Food Science: Why Do Peeled Potatoes Turn Pink?

updated May 3, 2019
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(Image credit: Apartment Therapy)

Looking up from prep work to find your peeled and cut potatoes have all taken on a disconcerting pinkish hue is a bit startling and downright unappetizing! Why does this happen? Is it safe? And is there any truth in your mother’s advice to hold cut potatoes in cold water? Take a look…

Believe it or not, that lumpy, brown potato you’re holding is actually a complicated package of chemicals and enzymes. Inside the potato are little pockets of things called phenols, which are essentially an acidic chemical compound. These phenols are surrounded by enzymes (proteins), and everything is held together inside the potato cell.

When you cut into the potato, you damage the cell walls that keep everything nice and tidy. The phenols and the enzymes meet the oxygen coming in from the outside world, causing a chemical reaction to take place. This chemical reaction results in – you guessed it – pink potatoes.

This discoloration isn’t harmful to us and you can still eat those potatoes – it can just be a bit off-putting to serve a plate of pink potatoes! FYI: This is actually the exact same chemical reaction that makes apples, bananas, and other fruits turn brown and mushy.

Nothing can completely prevent this chemical reaction from taking place, but we’ve found a few things work to slow it down:

Use a sharp knife. We weren’t able to find any scientific basis for this, but we’ve definitely noticed a difference between chopping potatoes with a dull knife verses a sharp one. We would guess that the sharp knife does less damage to the cell walls, thus causing a lesser chemical reaction.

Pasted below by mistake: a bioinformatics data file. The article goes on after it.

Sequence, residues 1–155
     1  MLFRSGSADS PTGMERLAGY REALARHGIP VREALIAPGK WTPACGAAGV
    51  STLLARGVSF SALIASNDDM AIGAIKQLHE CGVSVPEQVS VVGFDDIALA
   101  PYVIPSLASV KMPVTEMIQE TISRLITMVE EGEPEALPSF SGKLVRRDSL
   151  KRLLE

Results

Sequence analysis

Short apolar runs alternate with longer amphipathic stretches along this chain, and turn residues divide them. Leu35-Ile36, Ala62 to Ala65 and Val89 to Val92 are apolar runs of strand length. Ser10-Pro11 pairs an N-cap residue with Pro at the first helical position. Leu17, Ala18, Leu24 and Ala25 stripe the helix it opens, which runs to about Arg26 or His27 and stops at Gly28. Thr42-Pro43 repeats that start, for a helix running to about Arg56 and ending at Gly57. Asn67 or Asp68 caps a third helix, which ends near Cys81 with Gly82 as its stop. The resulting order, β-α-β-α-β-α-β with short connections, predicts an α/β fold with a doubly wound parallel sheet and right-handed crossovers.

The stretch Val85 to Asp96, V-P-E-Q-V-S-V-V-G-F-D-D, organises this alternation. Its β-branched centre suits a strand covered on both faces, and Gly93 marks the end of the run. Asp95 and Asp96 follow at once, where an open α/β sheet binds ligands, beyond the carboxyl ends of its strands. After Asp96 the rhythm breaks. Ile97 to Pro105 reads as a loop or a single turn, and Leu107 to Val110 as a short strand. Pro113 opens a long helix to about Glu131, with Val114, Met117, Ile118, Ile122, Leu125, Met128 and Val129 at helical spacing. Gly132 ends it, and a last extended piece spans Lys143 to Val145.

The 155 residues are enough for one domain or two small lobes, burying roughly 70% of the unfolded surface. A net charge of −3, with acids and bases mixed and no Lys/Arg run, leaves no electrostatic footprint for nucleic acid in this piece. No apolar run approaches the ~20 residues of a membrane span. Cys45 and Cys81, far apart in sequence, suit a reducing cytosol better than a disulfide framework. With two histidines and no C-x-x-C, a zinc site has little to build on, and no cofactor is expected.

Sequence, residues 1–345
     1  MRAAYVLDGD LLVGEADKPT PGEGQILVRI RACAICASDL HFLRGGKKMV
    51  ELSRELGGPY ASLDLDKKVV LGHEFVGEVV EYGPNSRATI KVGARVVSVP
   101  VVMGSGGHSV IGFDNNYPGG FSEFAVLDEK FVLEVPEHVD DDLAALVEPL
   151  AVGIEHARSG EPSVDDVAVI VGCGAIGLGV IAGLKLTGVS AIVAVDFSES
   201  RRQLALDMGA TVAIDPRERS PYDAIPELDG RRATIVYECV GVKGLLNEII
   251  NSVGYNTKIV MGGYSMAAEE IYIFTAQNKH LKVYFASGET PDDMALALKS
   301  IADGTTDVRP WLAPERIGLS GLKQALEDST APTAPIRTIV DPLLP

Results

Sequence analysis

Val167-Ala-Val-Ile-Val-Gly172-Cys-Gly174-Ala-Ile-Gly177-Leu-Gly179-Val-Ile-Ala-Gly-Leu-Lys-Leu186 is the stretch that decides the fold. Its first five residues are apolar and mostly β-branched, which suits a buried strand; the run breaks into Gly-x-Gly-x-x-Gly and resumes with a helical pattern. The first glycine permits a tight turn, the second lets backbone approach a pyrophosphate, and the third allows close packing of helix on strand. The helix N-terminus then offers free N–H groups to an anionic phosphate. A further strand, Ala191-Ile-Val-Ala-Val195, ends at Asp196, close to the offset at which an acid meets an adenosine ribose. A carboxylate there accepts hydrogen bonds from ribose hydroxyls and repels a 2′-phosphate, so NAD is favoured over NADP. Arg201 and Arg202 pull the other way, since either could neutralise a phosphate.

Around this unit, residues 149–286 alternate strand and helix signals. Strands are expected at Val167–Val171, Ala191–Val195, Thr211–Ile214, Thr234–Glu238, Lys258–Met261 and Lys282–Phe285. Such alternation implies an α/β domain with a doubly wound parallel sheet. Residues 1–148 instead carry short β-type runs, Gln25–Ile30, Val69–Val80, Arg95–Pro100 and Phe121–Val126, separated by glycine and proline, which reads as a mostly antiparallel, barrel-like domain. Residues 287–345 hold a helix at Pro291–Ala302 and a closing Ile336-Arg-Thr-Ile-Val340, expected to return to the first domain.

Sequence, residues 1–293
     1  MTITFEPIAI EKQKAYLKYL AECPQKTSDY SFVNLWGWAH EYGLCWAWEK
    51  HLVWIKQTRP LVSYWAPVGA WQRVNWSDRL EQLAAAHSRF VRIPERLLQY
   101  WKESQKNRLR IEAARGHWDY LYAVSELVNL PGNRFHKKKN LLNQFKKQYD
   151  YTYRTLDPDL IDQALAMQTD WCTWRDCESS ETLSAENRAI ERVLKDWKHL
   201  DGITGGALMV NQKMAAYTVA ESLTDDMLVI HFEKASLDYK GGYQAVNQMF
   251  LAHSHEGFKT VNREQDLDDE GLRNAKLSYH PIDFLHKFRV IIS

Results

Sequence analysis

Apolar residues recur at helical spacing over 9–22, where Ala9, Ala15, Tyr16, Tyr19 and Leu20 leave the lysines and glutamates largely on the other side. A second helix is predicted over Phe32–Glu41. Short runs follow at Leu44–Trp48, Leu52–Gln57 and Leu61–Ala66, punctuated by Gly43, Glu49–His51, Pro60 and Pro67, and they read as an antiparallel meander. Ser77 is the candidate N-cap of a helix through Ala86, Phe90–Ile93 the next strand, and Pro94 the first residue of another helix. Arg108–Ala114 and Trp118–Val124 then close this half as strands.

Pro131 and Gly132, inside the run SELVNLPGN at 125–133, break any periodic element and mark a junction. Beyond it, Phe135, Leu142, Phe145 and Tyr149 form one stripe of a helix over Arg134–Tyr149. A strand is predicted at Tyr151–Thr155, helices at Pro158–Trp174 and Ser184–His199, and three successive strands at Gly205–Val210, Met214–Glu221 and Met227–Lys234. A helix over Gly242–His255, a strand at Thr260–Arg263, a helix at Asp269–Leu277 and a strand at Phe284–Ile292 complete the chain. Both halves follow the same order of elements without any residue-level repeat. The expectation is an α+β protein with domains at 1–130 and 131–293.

Use the potatoes right away. Prepping the potatoes is the last thing we do, and we try to time it so that they go straight from cutting board to pan. Less time hanging out letting phenols and enzymes mingle equals less pink in your final dish.

Submerge potatoes in cold water if they will stand longer than a few minutes. Yes, your mama had it right. Cold water cuts down contact between the potato cells and oxygen, creating a temporary seal over the cut surface. It doesn’t actually prevent the reaction from taking place, but it definitely slows it down.

We’ve also noticed that grated potatoes go pink significantly faster than large chunks. The size of the cut potato isn’t exactly something you can control since it depends on the recipe, but it’s something to keep in mind when planning out your prep work.

Any one else have a sure-fire method for preventing potatoes from going pink?

(Image: Flickr member smohundro licensed under Creative Commons)